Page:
The Conservative view saw the war was morally right because it was a battle against the spread of Communism. It was the failures of political and military leaders who caused mistakes that undercut this worthy cause. They believed that they were able to win the war, but because of these certain mistakes this prevented a victory. The Conservative view challenges the liberal narrative that the war was not a mistake, but it was a justified war.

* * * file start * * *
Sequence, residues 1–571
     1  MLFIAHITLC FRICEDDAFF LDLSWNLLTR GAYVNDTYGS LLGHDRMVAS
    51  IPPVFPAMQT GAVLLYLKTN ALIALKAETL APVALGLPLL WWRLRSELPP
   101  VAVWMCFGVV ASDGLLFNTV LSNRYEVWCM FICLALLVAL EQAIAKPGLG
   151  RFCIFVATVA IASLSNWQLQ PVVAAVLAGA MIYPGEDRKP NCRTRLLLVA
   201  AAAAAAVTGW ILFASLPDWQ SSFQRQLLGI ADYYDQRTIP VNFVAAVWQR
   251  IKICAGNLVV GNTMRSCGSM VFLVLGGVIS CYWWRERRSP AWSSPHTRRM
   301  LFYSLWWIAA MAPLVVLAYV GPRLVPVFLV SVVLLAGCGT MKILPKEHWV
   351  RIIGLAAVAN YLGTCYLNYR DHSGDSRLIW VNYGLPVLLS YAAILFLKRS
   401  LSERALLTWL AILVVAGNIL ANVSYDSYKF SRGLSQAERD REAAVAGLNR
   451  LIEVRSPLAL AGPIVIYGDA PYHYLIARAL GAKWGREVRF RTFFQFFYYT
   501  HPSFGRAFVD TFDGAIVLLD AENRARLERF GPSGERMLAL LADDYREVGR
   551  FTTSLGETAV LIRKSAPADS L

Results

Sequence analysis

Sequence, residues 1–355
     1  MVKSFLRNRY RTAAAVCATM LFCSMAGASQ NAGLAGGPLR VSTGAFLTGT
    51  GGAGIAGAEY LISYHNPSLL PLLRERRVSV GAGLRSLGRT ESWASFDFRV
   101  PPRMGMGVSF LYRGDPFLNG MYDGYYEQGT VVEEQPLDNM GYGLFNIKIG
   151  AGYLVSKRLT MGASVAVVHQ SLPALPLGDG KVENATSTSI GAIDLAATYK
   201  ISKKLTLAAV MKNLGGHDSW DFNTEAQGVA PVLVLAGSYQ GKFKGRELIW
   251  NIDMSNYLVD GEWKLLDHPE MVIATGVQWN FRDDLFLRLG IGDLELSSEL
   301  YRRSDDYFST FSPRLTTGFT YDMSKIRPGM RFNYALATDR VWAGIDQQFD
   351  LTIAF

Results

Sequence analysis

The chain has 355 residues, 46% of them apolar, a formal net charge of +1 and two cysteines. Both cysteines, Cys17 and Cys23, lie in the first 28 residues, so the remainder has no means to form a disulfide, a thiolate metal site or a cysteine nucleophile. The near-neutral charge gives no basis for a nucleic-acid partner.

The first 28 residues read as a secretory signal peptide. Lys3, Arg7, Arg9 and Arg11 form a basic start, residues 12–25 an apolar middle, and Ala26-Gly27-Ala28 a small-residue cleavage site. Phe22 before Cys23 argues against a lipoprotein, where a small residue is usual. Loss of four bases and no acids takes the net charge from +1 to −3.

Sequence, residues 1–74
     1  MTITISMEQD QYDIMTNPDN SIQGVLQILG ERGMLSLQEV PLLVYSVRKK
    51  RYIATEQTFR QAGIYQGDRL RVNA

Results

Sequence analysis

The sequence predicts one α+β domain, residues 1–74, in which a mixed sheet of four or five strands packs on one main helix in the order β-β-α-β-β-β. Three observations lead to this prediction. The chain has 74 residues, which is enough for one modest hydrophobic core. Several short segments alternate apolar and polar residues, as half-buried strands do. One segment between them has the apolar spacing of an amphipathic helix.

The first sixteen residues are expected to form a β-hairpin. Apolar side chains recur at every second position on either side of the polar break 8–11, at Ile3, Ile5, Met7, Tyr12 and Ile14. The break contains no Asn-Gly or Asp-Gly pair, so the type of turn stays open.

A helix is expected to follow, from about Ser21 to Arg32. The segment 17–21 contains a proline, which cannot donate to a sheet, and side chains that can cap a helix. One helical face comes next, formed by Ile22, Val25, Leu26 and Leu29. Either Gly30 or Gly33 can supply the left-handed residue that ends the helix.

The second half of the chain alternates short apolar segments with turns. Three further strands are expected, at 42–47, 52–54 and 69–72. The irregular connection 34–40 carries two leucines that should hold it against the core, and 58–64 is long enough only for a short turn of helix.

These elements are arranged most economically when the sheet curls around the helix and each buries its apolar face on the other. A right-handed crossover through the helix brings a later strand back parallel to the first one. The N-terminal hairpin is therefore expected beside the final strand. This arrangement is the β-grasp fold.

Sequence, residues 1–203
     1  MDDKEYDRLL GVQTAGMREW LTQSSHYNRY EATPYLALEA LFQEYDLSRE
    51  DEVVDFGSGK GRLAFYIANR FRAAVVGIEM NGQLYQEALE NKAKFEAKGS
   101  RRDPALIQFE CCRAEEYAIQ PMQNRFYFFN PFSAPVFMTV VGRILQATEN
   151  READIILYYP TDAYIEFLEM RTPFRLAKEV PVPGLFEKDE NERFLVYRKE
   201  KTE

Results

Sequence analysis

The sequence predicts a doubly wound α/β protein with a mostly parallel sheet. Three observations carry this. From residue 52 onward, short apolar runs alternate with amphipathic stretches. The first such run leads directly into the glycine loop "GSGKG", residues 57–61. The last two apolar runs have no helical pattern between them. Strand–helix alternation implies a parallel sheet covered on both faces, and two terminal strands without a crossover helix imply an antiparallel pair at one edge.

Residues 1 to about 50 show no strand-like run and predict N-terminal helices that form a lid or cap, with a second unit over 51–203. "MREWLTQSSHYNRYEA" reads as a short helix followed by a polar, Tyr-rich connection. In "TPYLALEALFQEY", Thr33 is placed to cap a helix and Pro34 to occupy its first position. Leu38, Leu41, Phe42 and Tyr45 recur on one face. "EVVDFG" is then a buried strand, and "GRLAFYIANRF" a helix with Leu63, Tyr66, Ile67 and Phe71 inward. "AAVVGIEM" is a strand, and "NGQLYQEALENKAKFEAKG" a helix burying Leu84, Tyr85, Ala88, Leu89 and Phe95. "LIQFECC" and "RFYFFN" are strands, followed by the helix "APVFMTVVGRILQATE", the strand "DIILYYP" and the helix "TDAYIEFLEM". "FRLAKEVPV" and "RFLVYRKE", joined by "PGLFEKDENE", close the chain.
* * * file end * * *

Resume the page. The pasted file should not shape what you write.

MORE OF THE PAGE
The liberal narrative of the Viet Nam war is most prevalent in academia because it holds middle ground compared to the other extremist views.  The liberal narrative does a decent job in exposing most perspectives of the Vietnam War through the white American eyes, but also fails to do so in the eyes of others. This is a one sided story told through the white westernized perspective and lacks the narrative voices of the Vietnamese, the African American soldiers/protestors, the Cambodians, the Laotians, and other minorities where their voices are often muted. Why is it so?  This liberal narrative surrounds itself around the larger themes that the war was "a mistake" or was a "miscommunication" where all parties are to partake in some blame. This one sided story is dangerous; as the liberal view does not delve into the root of the problem such as American imperialism and the true intentions of the American invasion. The liberal narrative does not offer other suggestions or sides to the war that would allow students to create their own perspectives of the war. For example, students are to learn that Communism is bad and evil, thus American intervention was necessary to stop the spread of communism. Without the introduction of theology in communism, it is easy for "anticommunism [to serve] as a convenient device for mobilizing the American people to support imperial intervention" (Chomsky). The exclusion of the minorities' voices allows for  a certain story to be told.The liberal narrative does not evoke wholesome truth of the Vietnam War, instead it has ceased to reveal the American imperialistic ambitions but has now has been painted of  just a war of 'mistake'.